For over 30 years we have held innkeeping seminars, written a manual and provided financial information as well as expounding on the personal side of innkeeping. We held another seminar last weekend at the Three Mountain Inn in Jamaica, Vermont, and a few months ago at the Chesterfield Inn in Chesterfield, NH. Instead of giving information stretched over a weekend, we are now doing it in one day … all day Saturday, but always at an inn!
Why attend a seminar for aspiring innkeepers? We hold our seminars at inns, often ones run by seminar grads, because they are models whom you should emulate. Observe the owners: the way they serve breakfast, interact with each other in a positive manner, complementing each other easily, giving space and allowances for their differences. But sadly, in this one-day seminar, our attendees often choose not to stay the night – is it the expense, a time issue?
Why do we want you to stay at the place we chose for the seminar? It is to see the rooms, to talk with the proprietors. It is the best learning experience there is: to see successful innkeepers at work, pick their brains during breaks, sit at the bar after hours to talk with them. It is small price to pay, the cost of the rooms for one or two nights, when you are contemplating first a purchase of an inn, then remodeling, redecorating and marketing it.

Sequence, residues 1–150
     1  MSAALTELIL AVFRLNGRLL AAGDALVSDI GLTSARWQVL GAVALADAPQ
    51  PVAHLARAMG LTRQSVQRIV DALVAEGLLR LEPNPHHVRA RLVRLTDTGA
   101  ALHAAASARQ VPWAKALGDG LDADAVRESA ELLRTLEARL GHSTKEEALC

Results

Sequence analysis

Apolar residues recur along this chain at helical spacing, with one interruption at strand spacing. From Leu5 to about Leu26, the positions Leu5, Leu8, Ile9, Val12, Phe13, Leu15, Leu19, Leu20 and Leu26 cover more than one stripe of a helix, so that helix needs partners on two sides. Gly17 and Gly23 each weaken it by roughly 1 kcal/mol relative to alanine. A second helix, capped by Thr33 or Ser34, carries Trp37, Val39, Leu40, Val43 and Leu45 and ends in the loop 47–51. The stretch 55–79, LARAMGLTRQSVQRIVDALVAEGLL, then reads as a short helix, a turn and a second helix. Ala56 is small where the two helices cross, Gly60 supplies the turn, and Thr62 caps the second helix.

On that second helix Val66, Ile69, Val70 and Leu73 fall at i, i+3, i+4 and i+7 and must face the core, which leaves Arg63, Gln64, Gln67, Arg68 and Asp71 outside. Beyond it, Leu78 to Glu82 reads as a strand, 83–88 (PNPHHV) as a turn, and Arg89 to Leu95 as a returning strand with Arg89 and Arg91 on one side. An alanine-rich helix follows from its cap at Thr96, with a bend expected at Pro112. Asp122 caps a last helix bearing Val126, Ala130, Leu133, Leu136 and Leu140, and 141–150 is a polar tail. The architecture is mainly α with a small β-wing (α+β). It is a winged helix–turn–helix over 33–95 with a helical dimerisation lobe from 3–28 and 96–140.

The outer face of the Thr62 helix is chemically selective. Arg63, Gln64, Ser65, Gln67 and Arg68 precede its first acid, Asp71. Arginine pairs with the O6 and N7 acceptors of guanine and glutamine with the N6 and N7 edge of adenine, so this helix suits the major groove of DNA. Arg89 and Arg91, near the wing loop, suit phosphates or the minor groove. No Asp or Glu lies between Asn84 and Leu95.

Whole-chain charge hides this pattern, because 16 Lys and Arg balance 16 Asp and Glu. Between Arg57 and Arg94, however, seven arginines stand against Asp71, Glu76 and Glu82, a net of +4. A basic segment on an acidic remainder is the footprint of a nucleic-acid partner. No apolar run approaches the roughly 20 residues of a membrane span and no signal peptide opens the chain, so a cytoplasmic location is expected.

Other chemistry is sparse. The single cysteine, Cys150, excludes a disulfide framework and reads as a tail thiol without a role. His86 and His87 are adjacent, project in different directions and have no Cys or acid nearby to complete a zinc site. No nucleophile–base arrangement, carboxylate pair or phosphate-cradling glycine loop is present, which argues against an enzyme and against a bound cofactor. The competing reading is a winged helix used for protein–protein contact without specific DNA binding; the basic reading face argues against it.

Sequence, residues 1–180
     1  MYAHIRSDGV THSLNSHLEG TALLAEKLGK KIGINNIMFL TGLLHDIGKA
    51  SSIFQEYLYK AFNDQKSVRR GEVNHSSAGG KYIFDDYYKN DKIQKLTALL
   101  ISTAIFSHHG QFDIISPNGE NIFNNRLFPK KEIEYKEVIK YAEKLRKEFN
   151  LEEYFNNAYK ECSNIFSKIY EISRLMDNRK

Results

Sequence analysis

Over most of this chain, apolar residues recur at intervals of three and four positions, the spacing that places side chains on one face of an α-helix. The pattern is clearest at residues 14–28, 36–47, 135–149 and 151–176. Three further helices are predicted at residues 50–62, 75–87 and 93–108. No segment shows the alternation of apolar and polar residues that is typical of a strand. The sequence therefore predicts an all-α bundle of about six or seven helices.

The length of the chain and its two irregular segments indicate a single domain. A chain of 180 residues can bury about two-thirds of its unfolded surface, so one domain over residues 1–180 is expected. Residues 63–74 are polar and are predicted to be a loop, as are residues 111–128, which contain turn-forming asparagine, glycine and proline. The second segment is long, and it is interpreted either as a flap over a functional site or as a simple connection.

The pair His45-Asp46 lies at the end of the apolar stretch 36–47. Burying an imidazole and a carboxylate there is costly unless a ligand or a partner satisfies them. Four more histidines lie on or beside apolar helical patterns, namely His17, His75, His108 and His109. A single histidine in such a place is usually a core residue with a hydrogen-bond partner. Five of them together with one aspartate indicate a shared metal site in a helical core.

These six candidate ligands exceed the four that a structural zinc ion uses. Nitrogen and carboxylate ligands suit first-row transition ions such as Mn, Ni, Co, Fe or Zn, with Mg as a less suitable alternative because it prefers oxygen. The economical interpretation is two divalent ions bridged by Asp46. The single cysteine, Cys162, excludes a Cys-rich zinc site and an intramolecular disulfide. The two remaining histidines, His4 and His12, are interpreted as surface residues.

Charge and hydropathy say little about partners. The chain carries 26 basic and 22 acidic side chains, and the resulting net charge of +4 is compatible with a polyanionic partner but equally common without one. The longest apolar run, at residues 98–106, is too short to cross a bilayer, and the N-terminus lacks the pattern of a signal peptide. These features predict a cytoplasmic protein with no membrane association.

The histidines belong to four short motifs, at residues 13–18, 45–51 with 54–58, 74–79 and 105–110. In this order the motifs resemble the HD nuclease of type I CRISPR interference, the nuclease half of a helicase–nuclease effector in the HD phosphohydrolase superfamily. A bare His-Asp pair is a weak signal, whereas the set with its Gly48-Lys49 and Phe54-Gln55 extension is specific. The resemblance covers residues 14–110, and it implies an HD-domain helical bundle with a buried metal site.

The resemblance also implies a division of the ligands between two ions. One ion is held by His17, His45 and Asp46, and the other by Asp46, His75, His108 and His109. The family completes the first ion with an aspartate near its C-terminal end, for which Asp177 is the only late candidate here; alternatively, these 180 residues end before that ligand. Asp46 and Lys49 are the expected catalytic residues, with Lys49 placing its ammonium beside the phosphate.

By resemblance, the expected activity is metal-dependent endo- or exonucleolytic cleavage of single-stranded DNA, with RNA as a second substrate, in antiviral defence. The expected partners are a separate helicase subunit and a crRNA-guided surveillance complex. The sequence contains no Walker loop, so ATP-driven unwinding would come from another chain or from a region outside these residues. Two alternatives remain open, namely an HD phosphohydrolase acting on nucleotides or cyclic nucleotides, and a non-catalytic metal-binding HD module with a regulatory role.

Seeing the details that made current innkeepers successful is the first step for you to understand the details of what buying an inn is all about. Make notes about the linens, featherbeds, robes, the soaps and shampoos, to use as comparisons for your future purchase.
So why should anyone interested in innkeeping attend such a workshop? And what are you supposed to gain from it? I have always held the belief that it is crucial to understand that innkeeping is a business. You should buy a viable inn business, and then embrace the innkeepers’ lifestyle; this is an incredible change for you to adapt to, a change that will be easier after seeing other innkeepers in their milieu.
Sometimes inn owners offer a week-long apprenticeship to our graduates, as Gloria and Phil Teber did from the Arrowhead Inn, in Durham N.C. Take a look at Daina Hill, their apprentice, who is doing a fabulous job at her successful inn in Camden, Maine.
You will want to do things in your own style, never exactly like these role models, but you also want to know what made them successful. Every owner’s inn is a reflection of their values and taste and that will be true when you become an owner as well.